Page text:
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The prevalence of short and long sleep duration were considerably higher among Black individuals during the 15-year study period.
A new cross-sectional study found that the prevalence of short and long sleep duration was persistently higher in Black Americans from 2004 to 2018.
Additionally, the disparities in short sleep duration seemed to be highest among women of middle or high income status and in young or middle-aged adults. Investigators believed that these complications with sleep were associated with other health disparities.
Investigators noted that historically marginalized racial and ethnic groups are more likely to experience sleep deficiencies that in turn result in racial and ethnic disparities in physical and mental health.
Additionally, little information exists regarding trends in racial and ethnic disparities regarding sleep health.
As such, investigators led by César Caraballo, MD, Center for Outcomes Research and Evaluation at Yale New Haven Hospital, Connecticut, evaluated the temporal trends in racial and ethnic disparities in sleep duration during a 15-year period in the US
The team utilized representative data from the National Health Interview Survey (NHIS) to also evaluated the racial and ethnic differences in the association between sleep duration and age.
Harmonized data form the integrated Public Use Microdata Series Health Surveys, which included NHIS strata, primary sampling unit, and person weights were also utilized.
Individuals who were 18 years or older from the 15-year study period of the NHIS were included in the study, and any respondents with missing sleep data were excluded.
From there, participants were classified into 4 mutually exclusive racial and ethnic subgroups including non-Hispanic Asian, non-Hispanic Black or African American, Hispanic or Latino, and non-Hispanic White.
Participants were asked to respond to the question, “On average, how many hours of sleep do you get in a 24-hour period?”. Recommended sleep duration was 7-9 hours, short sleep duration was fewer than 7 hours, and long sleep duration was more than 9 hours.
Among the 444,743 adults interviewed during the 15-year study period, 10,203 (2.3%) were excluded based on missing information on sleep duration. An additional 3340 people who identified as non-Hispanic Alaskan Native or American Indians and 1905 who identified as non-Hispanic were excluded due to small numbers.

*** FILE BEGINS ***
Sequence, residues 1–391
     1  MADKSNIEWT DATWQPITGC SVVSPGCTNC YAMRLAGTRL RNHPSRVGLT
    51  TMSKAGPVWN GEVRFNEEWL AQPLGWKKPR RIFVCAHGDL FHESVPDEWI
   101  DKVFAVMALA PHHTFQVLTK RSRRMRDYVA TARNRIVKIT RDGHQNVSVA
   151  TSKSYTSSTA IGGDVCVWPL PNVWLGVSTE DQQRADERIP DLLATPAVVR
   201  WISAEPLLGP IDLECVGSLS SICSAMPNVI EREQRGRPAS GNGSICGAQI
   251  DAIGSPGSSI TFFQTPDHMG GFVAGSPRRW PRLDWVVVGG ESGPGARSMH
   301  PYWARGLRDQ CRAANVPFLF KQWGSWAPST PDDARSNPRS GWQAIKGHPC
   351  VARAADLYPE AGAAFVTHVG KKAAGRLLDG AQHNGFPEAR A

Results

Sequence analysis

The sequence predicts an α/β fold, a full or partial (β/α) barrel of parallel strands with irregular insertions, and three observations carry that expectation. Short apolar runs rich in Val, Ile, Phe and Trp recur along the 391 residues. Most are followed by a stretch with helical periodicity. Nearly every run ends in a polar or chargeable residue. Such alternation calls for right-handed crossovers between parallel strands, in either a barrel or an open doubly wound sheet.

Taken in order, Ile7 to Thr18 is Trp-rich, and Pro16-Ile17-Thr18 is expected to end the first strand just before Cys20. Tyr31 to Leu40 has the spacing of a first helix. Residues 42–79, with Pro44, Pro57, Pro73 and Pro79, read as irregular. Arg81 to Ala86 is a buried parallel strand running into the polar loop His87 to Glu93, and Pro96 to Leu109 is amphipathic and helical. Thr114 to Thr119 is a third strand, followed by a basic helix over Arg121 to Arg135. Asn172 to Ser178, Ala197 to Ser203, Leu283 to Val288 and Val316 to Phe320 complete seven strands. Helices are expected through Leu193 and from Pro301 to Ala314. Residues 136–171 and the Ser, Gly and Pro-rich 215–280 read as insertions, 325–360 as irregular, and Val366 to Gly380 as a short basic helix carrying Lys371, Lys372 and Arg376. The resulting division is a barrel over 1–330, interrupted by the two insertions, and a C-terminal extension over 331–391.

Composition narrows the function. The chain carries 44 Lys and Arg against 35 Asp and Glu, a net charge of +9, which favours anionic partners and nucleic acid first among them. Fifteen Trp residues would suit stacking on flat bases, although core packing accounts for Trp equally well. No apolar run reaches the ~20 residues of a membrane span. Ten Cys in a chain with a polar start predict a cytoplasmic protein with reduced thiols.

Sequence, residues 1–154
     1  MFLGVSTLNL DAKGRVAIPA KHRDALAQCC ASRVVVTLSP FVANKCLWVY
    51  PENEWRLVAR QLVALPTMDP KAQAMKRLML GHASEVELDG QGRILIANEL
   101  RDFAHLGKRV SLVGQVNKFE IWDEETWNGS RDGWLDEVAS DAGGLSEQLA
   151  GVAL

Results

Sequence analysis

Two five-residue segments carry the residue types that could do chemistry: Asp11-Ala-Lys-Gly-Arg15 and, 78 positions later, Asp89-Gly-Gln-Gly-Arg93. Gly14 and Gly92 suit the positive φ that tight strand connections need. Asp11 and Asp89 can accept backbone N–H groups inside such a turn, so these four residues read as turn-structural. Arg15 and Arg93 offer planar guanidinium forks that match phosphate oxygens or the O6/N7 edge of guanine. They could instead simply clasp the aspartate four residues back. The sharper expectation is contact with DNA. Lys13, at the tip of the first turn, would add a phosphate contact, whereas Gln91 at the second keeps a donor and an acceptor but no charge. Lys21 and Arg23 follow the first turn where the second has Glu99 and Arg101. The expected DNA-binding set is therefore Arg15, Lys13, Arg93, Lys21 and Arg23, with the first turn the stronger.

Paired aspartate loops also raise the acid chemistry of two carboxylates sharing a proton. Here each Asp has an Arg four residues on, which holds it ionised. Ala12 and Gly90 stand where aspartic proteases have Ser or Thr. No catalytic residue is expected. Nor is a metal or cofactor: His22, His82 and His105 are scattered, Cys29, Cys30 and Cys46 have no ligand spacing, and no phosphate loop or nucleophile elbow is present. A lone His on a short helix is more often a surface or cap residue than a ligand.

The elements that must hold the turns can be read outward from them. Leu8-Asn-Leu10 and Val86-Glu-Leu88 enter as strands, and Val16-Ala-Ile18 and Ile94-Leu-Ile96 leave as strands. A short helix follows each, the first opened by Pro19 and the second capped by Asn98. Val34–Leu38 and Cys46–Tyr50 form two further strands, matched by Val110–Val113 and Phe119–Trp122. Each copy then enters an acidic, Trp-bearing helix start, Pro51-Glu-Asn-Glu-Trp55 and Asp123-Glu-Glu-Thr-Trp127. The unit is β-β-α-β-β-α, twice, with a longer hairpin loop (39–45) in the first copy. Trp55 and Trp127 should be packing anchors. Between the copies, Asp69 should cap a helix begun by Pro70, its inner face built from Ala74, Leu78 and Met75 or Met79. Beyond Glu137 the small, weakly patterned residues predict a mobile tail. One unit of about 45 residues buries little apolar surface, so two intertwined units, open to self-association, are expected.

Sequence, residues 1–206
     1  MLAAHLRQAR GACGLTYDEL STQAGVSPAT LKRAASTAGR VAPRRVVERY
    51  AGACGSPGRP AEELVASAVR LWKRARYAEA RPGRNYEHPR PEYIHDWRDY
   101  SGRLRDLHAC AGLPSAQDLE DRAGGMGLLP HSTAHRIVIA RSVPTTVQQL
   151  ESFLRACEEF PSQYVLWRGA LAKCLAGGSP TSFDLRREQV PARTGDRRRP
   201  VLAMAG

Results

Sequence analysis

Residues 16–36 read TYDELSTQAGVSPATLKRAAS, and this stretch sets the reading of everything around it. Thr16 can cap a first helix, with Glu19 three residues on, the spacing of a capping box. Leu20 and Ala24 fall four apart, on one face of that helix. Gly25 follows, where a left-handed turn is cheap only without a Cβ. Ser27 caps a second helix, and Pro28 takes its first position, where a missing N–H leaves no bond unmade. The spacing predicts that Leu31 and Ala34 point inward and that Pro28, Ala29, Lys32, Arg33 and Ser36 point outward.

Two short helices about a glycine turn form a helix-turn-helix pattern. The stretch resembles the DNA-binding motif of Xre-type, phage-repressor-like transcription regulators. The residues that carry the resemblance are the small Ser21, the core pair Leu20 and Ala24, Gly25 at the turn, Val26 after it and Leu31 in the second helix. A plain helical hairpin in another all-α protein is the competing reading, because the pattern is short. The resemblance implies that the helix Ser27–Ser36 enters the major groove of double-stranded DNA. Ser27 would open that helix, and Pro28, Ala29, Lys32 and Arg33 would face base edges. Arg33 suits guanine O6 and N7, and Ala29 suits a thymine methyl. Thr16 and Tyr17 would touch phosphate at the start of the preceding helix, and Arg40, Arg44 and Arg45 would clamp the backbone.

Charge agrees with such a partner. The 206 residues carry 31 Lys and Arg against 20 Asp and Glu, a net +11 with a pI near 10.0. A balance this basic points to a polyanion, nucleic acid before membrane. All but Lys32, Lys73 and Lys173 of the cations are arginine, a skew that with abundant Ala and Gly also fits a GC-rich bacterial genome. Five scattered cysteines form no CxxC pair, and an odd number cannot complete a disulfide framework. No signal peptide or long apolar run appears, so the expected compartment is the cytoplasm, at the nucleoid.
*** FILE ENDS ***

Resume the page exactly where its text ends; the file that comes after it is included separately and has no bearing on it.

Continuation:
The study sample included 429,195 individuals, 51.7% of whom were women. Among the different race and ethnic groups featured, 5.1% identified as Asian, 11.8% identified as Black, 14.7% identified as Hispanic or Latino, and 68.5% identified as White.
In the beginning of the study period (2004), the adjusted estimated prevalence of short and long sleep duration were 31.4% and 2.5%, respectively, among Asian individuals, 35.3% and 6.4%, respectively, among Black individuals, 27.0%and 4.6%, respectively, among Hispanic or Latino individuals; and 27.8% and 3.5%, respectively, among White individuals.
Investigators observed a significant increase in short sleep prevalence among Black (6.39 percentage points), Hispanic or Latino (6.61) and White (3.22) participants during the study (P<.001).
Meanwhile, prevalence of long sleep changed significantly only in Hispanic or Latino individuals (−1.42 [95%CI, −2.52 to−0.32] percentage points) (P = .01).
Furthermore, by 2018 short sleep prevalence among Black and Hispanic or Latino individuals was higher by 10.68 (95%CI, 8.12-13.24; P < .001) and 2.44 (95%CI, 0.23-4.65) (P = .03) percentage points, respectively, compared to White individuals, and long sleep prevalence was higher only among Black individuals (1.44 [95%CI, 0.39-2.48] percentage points) (P = .007).
Investigators suggested that the findings of the study had implications for the structure of public health interventions and suggested that increased efforts should be made to improve sleep health in historically disenfranchised racial and ethnic groups.
“The observed persistent—and growing—disparities in sleep duration serve as anadditional indicator of the consequences of the artificial hierarchy in which racial and ethnic minority individuals encounter higher barriers to maintaining a healthy life, including income distribution inequality, racial segregation, restricted access to medical care, and exposure to social and environmental conditions that affect health and sleep,” the team wrote. “Thus, and as with other disparities, public policies may be ineffective at eliminating these racial and ethnic disparities in sleep duration without accounting for systemic racism as a fundamental cause.”
The study, "Evaluation of Temporal Trends in Racial and Ethnic Disparities in Sleep Duration Among US Adults, 2004-2018," was published online in JAMA Network Open.